The introduction of the internet has done a lot to show just how confused our understanding is. Players used to be able to sit at home and imagine that everyone else playing the game had more or less the same experience they did. Now they can read what other players are saying, and are discovering that the world is full of crazy people. You like auto-leveling foes? What’s wrong with you? You want more obscure boss fights? Nutter. You like games where you get sent back to the beginning of the level? Masochist. Players are slowly realizing what tabletop enthusiasts realized decades ago: There are all kinds of players with wildly different preferences, and there’s no one experience that can hope to please them all.
If you want to force-feed your brain until it pukes, you could try reading up on Gamist, Narrativist, Simulationist theory, where players are described in robust terms that define them according to why they game. A couple of roleplayers can talk to each other for a minute or two and immediately have a pretty clear understanding of what sorts of things the other person is looking for in a game. Some people want to take part in and help weave an epic tale, to inhabit a deep and authentic world of lifelike characters. Other players just want to pit themselves against an endless series of cunning challenges that test their strategic mettle.
Contrast this with how videogamers are divided up: Hardcore. Mainstream. Casual. So instead of identifying players by what they look for in gaming, we end up sorting players by how much they play or how skilled they are.
This is a shame, because if we’re going to pigeonhole gamers there are far better and more interesting divisions we could use. I’d much rather we sort people by why they game than by how well they do it. It wouldn’t be perfect, but it would be better than what we have now. I’m constantly amazed by the sheer diversity of motivations people have for videogaming. In those low-tech early years games were purely a test of skill. You put in a quarter and played until you lost. That sort of experience has been relegated to flash-based browser games and retro remakes. Now there are games which are explicitly not about skill, but instead about exploration and experimentation. (Spore.) Many are about building, caring for, and optimizing complex systems. (Sim and Tycoon games.) Some are overtly social, either with in-game characters or with other players. (Animal Crossing, party games.) Puzzles. Player-versus player. Storytelling. The selection of ways that games can appeal to people is large, and every few years it seems like someone adds a new one.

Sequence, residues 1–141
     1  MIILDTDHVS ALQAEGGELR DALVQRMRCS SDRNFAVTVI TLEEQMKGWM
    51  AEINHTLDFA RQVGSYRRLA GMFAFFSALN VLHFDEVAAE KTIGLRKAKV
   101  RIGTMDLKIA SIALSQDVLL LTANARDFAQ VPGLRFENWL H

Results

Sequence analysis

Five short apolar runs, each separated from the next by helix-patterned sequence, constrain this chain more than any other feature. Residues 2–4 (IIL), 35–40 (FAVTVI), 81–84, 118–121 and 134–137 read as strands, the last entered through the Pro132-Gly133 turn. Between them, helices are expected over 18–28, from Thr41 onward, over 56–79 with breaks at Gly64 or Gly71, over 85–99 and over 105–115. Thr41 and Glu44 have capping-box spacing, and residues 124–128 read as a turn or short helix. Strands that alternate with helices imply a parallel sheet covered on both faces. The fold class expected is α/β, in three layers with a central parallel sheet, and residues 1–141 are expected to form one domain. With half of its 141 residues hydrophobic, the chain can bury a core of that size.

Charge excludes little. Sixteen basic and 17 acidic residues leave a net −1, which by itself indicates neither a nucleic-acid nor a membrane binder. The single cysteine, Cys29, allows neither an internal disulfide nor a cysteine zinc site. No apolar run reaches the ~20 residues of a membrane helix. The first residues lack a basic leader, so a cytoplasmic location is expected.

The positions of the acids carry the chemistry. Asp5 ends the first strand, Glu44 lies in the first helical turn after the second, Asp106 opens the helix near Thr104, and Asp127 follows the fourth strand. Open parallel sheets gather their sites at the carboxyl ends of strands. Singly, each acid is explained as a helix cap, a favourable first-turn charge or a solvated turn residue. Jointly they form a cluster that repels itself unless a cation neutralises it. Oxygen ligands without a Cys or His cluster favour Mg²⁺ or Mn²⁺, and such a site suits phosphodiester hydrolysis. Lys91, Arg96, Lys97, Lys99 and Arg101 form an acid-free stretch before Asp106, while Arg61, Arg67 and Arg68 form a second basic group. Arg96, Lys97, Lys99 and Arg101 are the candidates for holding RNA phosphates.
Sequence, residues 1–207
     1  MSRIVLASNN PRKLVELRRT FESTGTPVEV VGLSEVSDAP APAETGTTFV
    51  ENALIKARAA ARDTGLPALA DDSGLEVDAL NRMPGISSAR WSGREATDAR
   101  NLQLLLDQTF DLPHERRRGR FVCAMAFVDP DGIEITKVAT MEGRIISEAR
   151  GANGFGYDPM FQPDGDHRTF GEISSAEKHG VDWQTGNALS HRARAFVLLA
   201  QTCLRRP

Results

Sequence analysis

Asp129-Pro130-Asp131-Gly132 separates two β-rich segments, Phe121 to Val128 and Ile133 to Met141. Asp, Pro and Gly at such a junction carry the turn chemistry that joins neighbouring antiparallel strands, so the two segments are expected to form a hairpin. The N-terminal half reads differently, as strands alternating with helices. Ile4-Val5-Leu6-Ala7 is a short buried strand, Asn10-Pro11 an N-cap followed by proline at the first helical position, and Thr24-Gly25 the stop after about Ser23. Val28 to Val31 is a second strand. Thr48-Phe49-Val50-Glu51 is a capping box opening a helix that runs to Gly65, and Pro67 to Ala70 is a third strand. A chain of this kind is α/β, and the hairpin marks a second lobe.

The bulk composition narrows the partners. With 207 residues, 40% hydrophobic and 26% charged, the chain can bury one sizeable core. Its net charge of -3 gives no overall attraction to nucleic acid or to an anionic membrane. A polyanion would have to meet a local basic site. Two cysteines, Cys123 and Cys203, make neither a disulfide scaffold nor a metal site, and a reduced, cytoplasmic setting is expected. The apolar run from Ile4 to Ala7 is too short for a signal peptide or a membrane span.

My goal here is not to define every possible type of game, but to point out that a well-designed game will be intentional about how it meets these player expectations. A lot of games could be greatly improved if the designer just asked, “What need am I trying to meet with this gameplay element?” Most good games actually focus on a small handful of these goals and attempt to do them well, and most bland or annoying games fumble around throwing elements at the player haphazardly.
Q: Why do we have a jumping puzzle here?
A: Because other games have jumping puzzles?